Malawi police in Dwangwa have said cultivation of Indian hemp in Nkhotakota is not as serious as people allege but the district is only used as a route for traffickers.
When asked to comment on the severity of Indian hemp cultivation in the Central Region district, Nkhunga Police Station spokesperson Austin Kaunda said Mzimba is the main producer and supplier of Indian hemp not Nkhotakota.
“We have records that many traffickers are not from Nkhotakota but from other districts like Blantyre, Lilongwe, Mangochi, Balaka and Salima who pass through from Mzimba where they buy the hemp.
“So, what I can say is that the problem is serious in terms of trafficking because Nkhotakota is used as a route,” he said.
Kaunda also said this year alone police have confiscated 5,238 kilogrammes of Indian hemp following the arrests of 13 traffickers.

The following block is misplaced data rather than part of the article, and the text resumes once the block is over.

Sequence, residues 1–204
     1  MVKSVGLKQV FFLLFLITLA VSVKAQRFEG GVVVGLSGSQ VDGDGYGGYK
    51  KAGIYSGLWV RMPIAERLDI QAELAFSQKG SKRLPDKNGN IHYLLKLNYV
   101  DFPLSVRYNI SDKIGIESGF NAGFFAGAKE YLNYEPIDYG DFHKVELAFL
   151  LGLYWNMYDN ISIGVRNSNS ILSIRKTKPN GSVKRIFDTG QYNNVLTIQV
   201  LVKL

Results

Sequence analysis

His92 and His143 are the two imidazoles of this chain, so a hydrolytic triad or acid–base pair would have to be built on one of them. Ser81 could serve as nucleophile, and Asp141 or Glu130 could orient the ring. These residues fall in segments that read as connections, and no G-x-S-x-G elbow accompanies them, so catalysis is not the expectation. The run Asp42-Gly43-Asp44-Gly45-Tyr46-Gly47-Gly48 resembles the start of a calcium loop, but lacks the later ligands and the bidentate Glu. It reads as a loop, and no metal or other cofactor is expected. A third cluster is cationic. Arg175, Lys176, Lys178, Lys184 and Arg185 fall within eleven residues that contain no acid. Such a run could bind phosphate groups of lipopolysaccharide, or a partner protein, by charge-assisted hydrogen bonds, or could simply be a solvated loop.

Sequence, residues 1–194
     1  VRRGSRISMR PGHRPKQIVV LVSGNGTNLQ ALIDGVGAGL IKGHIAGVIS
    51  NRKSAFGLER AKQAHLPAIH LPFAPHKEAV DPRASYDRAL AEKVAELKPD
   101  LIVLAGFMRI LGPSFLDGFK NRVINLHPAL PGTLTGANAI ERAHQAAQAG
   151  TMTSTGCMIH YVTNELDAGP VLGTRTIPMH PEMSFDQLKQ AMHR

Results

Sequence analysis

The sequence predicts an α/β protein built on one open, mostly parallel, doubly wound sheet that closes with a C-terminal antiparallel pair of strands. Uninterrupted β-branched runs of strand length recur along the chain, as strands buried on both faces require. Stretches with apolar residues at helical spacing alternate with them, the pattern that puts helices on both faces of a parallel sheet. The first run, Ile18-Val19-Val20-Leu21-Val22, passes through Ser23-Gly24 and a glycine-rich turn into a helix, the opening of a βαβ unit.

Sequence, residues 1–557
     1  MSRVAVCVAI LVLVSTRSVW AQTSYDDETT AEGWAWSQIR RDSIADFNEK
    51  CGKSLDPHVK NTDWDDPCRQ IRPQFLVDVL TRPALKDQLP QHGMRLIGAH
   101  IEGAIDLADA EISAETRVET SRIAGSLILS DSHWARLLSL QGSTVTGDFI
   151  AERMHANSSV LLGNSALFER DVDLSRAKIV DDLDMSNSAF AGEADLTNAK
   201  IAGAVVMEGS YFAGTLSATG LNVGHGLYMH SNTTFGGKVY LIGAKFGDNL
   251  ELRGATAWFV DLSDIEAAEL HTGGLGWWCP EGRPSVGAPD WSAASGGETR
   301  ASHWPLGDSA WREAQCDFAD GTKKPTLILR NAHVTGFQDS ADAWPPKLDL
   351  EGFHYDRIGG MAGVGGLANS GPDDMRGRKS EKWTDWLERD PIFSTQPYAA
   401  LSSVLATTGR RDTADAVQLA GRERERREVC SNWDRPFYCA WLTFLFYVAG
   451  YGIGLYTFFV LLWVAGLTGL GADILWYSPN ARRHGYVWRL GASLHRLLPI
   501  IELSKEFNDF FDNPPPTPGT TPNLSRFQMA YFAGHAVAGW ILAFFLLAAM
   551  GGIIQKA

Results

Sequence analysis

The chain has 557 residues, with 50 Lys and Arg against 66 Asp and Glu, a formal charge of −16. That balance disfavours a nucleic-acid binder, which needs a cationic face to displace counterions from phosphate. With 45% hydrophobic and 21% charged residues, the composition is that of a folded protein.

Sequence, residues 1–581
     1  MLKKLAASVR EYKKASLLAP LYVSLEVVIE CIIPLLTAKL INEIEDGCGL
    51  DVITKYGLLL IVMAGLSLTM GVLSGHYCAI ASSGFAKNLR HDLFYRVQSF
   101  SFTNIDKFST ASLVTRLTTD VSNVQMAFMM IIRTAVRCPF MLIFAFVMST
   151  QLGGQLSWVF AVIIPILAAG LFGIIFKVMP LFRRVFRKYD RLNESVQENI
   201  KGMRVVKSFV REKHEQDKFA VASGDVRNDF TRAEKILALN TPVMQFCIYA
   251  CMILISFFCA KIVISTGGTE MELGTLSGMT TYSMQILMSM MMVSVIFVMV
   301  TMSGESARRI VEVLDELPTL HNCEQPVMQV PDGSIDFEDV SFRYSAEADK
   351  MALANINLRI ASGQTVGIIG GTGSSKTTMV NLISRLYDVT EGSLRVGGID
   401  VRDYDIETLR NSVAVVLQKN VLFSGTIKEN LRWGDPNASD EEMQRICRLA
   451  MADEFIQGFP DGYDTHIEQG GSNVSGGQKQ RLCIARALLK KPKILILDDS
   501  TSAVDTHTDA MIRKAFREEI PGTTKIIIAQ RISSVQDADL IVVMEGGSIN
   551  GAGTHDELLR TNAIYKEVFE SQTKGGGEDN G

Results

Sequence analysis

The figure is much higher compared to 509 kilogrammes of marijuana police confiscated the whole of last year after arresting 24 people.
The police publicist commended the good working relationship between police and the public.
“We arrest traffickers because of tips from members of the general public and we ask them to continue giving us information,” Kaunda said.
He further said police are aware that small numbers of people are still cultivating the illicit drug in Nkhotakota’s northern part along Lupachi River which borders Mzimba.
“We have had operations to uproot hemp in the past. In 2011 we carried out a joint operation with fellow officers from headquarters where we uprooted about four acres of Indian hemp along Lupachi River. Plans are there to carry out another operation but we are failing due to financial constraints,” said Kaunda.
Soaring number of cases of people caught trafficking Indian hemp from Nkhotakota prompted people to conclude that the district is the country’s largest grower of Indian hemp.
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